This is the remarkable story of the courageous men who maintain
and repair live high-voltage power lines from helicopters. They are an
elite team of pilot and lineman who are called in to look for damage and
make critical repairs... without ever turning the power off.
aren't supposed to fly near power lines and men aren't supposed to
touch live wires... but these guys do it all day long. The process is
called "barehanding" and involves a helicopter flying up to live power
lines (in this case, 345,000-volt wires). Out from the helicopter and to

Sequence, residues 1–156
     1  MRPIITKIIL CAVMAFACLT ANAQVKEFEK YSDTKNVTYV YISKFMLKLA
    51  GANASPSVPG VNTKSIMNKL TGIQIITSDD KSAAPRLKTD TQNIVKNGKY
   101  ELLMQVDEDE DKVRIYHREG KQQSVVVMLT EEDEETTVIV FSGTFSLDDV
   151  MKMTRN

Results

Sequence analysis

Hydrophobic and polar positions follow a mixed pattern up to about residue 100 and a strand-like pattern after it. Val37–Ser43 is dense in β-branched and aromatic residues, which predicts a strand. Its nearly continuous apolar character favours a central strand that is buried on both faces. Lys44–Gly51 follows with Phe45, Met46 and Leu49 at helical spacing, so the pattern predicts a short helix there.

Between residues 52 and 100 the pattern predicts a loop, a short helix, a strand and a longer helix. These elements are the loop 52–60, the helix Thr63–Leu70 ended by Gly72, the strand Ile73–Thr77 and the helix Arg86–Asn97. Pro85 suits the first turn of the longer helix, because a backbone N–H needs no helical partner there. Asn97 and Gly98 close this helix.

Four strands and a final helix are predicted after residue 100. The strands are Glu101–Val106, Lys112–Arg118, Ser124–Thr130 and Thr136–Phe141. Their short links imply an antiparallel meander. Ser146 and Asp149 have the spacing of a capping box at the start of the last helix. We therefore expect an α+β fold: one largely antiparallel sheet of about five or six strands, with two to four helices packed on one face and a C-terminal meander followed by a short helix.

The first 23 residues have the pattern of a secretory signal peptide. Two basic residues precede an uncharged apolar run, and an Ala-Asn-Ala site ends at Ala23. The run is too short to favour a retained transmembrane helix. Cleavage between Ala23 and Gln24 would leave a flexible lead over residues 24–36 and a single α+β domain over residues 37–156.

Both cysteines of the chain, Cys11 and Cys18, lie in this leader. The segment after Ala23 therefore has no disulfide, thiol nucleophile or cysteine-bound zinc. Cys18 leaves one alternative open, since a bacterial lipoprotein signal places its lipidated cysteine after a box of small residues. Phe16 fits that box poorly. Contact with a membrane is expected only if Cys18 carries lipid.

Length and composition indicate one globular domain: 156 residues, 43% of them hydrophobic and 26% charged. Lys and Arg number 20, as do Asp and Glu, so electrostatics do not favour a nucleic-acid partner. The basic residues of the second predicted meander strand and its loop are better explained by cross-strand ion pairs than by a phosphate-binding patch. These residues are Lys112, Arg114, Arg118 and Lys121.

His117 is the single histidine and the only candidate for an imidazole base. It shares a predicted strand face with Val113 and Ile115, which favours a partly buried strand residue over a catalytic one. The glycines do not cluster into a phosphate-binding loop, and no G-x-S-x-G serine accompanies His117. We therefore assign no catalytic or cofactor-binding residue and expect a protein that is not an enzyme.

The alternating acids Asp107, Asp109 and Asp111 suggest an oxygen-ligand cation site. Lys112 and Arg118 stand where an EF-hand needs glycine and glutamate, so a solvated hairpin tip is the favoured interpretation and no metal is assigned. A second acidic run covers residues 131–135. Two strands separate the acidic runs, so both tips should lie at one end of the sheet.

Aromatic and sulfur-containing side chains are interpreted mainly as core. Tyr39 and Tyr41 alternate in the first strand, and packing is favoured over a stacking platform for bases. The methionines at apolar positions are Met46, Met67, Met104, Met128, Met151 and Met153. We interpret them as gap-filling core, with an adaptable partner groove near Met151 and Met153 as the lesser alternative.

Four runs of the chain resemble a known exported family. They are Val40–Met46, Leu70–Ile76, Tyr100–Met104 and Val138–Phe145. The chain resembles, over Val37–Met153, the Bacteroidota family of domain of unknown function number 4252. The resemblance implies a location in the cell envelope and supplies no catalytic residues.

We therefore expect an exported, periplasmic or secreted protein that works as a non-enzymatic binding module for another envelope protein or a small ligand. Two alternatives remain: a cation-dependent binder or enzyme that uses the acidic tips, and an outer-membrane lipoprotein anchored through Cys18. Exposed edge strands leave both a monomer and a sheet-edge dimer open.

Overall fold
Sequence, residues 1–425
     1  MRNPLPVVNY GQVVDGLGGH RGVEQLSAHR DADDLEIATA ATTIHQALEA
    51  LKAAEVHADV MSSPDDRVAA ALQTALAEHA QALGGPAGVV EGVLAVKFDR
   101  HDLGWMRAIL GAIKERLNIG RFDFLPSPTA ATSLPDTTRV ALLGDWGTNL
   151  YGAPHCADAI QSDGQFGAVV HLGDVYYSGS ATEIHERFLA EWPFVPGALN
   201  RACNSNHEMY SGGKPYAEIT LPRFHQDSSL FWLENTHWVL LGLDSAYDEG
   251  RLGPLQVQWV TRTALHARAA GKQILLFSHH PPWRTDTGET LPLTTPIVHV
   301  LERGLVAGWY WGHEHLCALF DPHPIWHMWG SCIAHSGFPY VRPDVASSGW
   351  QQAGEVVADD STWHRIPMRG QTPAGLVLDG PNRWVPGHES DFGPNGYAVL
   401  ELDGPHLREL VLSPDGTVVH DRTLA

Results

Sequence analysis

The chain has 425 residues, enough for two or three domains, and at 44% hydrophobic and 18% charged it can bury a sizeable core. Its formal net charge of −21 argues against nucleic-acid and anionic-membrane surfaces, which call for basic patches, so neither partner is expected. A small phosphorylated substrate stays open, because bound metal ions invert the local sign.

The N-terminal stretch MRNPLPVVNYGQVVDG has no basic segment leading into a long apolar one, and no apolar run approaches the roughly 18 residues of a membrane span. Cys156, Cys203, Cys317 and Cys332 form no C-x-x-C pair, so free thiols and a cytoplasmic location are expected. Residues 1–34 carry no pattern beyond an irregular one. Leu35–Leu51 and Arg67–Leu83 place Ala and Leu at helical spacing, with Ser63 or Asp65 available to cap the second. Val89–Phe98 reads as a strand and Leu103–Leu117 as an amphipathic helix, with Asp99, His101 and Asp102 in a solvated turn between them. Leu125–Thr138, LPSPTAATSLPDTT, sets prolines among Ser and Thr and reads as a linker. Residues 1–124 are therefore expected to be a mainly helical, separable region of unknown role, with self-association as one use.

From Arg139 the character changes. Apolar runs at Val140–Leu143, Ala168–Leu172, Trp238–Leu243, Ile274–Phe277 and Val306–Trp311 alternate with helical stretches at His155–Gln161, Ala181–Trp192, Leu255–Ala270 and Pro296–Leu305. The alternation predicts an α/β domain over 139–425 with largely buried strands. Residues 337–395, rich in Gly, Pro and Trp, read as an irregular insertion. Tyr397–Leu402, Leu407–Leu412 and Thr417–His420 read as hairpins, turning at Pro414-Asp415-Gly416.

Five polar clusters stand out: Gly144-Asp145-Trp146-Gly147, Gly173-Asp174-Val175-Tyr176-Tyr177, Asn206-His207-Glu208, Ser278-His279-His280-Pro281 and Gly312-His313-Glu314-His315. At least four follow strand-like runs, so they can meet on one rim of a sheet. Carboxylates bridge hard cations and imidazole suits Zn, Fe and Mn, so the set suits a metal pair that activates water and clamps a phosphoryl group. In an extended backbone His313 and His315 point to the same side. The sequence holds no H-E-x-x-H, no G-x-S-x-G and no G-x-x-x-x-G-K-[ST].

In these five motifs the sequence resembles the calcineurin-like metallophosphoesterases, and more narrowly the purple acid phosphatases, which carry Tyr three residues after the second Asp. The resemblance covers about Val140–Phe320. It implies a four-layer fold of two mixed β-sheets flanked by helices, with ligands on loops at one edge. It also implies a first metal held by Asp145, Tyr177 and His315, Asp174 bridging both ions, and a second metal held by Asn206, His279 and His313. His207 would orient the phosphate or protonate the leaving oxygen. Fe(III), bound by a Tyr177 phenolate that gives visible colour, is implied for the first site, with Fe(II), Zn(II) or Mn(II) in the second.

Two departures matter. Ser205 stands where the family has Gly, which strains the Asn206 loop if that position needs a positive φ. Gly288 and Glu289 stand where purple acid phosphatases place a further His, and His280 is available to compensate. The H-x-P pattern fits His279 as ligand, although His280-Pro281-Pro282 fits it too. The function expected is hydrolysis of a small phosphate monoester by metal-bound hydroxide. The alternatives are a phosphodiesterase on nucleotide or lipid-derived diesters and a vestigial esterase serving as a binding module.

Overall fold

the power line stretches a metal wand, energizing the helicopter and
the lineman to the full strength of the line. The lineman, wearing a
special metal fiber suit, then works on the wire - sometimes sitting on
the helicopter skid, other times climbing onto the bare line. This
technique makes the lineman, the chopper and the pilot all part of one
electrical circuit... that means 345,000 volts run through both men and
Live line maintenance is fast, efficient and... very
dangerous. For two days The History Channel® followed the brave members
of USA Airmobile minute-by-minute, as they risked their lives to inspect
and repair critical 345,000-volt power lines in Wisconsin that had been
struck by a tornado.
The show also traces the development of this high-risk work invented by USA Airmobile's Mike Kurtgis in 1979.